If you’re a Florida medical marijuana patient, chances are you’ve heard of House Bill 1455 – a proposed bill making its rounds through the state legislature as we speak. House Bill 1455, which seeks to “cap” THC potency, limit physician prescribing practices, and all but eliminate physician and dispensary advertising, has come under sharp criticism from patients, physicians, and industry insiders alike.
But, behind the outrage, lies a larger conversation regarding free speech, fair pricing, and the sanctity of the physician-patient relationship. Luckily, you know you can always count on CannaMD to provide the research you need to fight fire with fire!
Read on to learn why CannaMD is leading the charge with other physician groups to educate legislators and oppose H.B. 1455 – and how YOU can fight back with research-based arguments!
Industry advocate, medical professional, or politician looking for more details? Download CannaMD‘s official opposition memo, outlining court precedents, research highlights, and more details regarding the Federal Communications Commission and U.S. Food & Drug Association’s role in H.B. 1455.
Editor’s Note (3/10/21): On March 9, 2021, H.B. 1455 passed its first sub-committee vote. The bill requires approval from two more committees before it heads to the House floor. For more details, see: Controversial Florida Medical Marijuana Bill One Step Closer to Becoming Law.
What is Florida House Bill 1455?
Florida H.B. 1455 covers three major themes: medical marijuana advertising, THC potency/access to high-THC products, and administrative issues. Specifically, H.B. 1455 proposes a law:
- Prohibiting qualified physicians from engaging in certain advertising for their practices relating to marijuana for medical use [p.1, line 4]
- Prohibiting a qualified physician from certifying a certain potency of tetrahydrocannabinol in marijuana [p. 2, line 32]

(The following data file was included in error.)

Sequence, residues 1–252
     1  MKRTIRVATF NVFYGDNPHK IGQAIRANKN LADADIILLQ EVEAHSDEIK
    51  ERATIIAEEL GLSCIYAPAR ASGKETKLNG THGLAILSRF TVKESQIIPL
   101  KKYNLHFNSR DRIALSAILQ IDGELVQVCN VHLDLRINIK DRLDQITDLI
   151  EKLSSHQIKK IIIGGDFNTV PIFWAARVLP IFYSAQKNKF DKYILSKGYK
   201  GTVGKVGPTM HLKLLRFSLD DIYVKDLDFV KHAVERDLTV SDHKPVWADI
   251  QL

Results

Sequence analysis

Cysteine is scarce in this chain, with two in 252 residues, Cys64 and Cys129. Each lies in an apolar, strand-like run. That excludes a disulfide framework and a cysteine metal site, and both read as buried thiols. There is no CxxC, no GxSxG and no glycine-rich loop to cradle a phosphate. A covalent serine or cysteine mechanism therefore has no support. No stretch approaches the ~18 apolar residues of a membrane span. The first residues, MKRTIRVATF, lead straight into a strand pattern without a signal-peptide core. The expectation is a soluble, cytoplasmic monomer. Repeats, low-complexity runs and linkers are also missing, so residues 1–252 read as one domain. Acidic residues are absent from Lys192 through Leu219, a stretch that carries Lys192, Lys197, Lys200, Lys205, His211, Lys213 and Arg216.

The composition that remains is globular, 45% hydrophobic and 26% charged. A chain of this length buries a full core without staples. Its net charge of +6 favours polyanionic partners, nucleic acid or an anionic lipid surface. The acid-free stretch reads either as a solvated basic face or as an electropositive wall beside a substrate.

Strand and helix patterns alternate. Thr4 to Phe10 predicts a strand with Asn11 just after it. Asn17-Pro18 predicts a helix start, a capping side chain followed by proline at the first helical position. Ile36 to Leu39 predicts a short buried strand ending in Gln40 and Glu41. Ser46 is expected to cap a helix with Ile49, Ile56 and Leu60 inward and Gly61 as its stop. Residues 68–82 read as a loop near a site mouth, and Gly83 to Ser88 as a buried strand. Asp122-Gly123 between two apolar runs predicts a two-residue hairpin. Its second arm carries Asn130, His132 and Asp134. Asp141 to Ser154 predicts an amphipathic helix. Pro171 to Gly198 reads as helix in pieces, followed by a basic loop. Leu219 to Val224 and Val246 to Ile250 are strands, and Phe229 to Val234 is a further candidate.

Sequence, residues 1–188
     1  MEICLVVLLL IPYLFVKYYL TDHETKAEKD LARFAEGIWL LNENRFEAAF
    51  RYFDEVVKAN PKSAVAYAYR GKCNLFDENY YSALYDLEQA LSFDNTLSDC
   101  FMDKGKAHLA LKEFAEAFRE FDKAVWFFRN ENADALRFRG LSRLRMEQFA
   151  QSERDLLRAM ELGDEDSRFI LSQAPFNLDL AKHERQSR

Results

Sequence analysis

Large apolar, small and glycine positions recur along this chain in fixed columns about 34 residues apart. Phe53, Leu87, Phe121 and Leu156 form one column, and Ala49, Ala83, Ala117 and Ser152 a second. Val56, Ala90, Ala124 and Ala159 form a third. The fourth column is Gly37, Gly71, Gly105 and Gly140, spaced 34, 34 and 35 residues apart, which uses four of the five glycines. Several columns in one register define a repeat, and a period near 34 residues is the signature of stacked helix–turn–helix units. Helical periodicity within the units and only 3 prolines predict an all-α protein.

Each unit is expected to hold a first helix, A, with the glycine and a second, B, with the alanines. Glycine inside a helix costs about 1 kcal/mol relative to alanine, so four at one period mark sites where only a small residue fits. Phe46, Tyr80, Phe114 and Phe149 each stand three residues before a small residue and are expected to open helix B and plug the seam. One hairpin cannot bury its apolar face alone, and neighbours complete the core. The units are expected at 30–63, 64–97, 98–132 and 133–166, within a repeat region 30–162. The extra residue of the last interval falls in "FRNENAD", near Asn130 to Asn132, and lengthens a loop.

- Prohibiting a medical marijuana treatment center from dispensing marijuana that exceeds a certain potency of tetrahydrocannabinol [p. 2, line 38]
- Revising a provision relating to the potency of tetrahydrocannabinol in edibles dispensed by a medical marijuana treatment center [p.1, line 12]
- Prohibiting a qualified physician from issuing a physician certification to a minor patient for marijuana, except for low-THC cannabis [p. 2, line 26]
- Revising the supply limits of marijuana for which a physician certification may be issued [p. 2, line 29]
- Revising advertising requirements for medical marijuana treatment centers to prohibit radio and television advertising [p. 1, line 21]
- Requiring that all employees of a medical marijuana treatment center be 21 years of age or older and have passed a background screening pursuant to subsection (9) [p. 8, line 180]
Other, less controversial, mandates include:
- Prohibiting medical marijuana treatment centers and certain other individuals and entities from employing qualified physicians or having direct or indirect economic interests in qualified physician practices and medical marijuana testing laboratories [p. 1, line 7]
- Authorizing the Department of Health to select samples of marijuana available in certain facilities for testing for specified purposes [p. 1, line 14]